WITH the New Year in full swing, there is one thing every parent is wishing for…more sleep!
If you don’t have one already, January is the perfect time to put a new sleep routine in place for your little one.
US paediatrician Dr Harvey Karp has offered insight on how to get your baby’s sleep back on track. Pictured, stock imageCredit: Getty
The expert says the biggest new-parent misconception is that sleep gradually improves until the baby is sleeping an 8-hour stretch at 4 monthsCredit: Supplied
US paediatrician and founder of Happiest Baby, Dr Harvey Karp has offered insight on how to get your baby’s sleep back on track.
According to the expert, starting a bedtime routine for your child and helping them get a good night’s sleep is vital to both your little one’s happiness and your own.
But like any new parents will know, creating a baby’s bedtime routine can be challenging, and there may be some trial and error before you find what works for you and your baby.
“We all have our own bedtime routines — some of us like tucked in blankets, some enjoy reading before bed, others can only sleep in a pitch-dark room,” he explains.
“Just like for adults, having set rituals gives babies comfort and eases them to a good night’s sleep.”
Like many new parents will know only too well, a newborn will not sleep much during the first weeks.
However, Dr Karp says there’s one important assumption that many new parents get wrong.
“The biggest new-parent misconception is that sleep gradually improves until the baby is sleeping an 8-hour stretch at 4 months,” he explains.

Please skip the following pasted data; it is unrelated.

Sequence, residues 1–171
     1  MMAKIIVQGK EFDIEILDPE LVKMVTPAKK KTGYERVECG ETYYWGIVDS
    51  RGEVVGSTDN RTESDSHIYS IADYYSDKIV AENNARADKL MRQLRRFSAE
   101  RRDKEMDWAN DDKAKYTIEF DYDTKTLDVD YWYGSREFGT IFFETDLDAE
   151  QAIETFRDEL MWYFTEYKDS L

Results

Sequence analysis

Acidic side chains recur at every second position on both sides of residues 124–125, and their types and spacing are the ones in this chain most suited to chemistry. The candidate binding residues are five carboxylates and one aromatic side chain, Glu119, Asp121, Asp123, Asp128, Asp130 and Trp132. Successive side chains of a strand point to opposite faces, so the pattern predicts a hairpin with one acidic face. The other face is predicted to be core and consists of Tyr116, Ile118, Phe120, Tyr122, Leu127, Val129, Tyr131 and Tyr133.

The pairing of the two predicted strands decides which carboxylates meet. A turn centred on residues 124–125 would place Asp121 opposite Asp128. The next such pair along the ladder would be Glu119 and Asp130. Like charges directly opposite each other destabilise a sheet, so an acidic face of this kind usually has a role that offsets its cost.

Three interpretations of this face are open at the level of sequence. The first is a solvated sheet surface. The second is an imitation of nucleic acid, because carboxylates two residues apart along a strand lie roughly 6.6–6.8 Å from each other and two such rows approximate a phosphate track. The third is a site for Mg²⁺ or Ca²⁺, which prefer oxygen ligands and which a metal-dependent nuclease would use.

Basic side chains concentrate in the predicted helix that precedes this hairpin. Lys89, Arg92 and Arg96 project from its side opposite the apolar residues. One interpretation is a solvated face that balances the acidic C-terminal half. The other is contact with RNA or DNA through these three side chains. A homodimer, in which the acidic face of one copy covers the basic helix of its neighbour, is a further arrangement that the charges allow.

“Not so fast! For many babies, sleep habits are a bit of a rollercoaster with small wins and regressions along the way. It’s natural for new parents to experience frustration and exhaustion.”
But the good news is that there are simple cues you can implement to help teach your little one how to sleep.
The biggest new-parent misconception is that sleep gradually improves until the baby is sleeping an 8-hour stretch at 4 months
Dr. Harvey Karp
“Signal it’s sleep time by turning on white noise,” the expert explains. “This will help soothe them.”
Next, the expert notes how comfort is key in helping your baby nod off.
“Do a snug swaddle and give them a dummy to get them comfortable and cosy for bed,” he advises.
“Follow this with some gentle rocking to ease them into the sleepy zone. These steps will help you develop a bedtime routine for your newborn, and help parents settle into their own routine as well.”
He adds how in the end, it’s all about consistency.
“Wake up and feed your baby at the same time each day, and with these four simple cues, your baby will be on a consistent schedule pretty soon.”
And the expert also has some advice on when you should you start creating a bedtime routine for your baby.
He notes: “Most babies are receptive and able to start a bedtime routine at around 6 to 8 weeks with changes effective within 1-2 weeks.”
Dr Harvey Karp recommends doing a snug swaddle and giving the baby a dummy to get them comfortable and cosy for bed. Pictured, stock imageCredit: Getty
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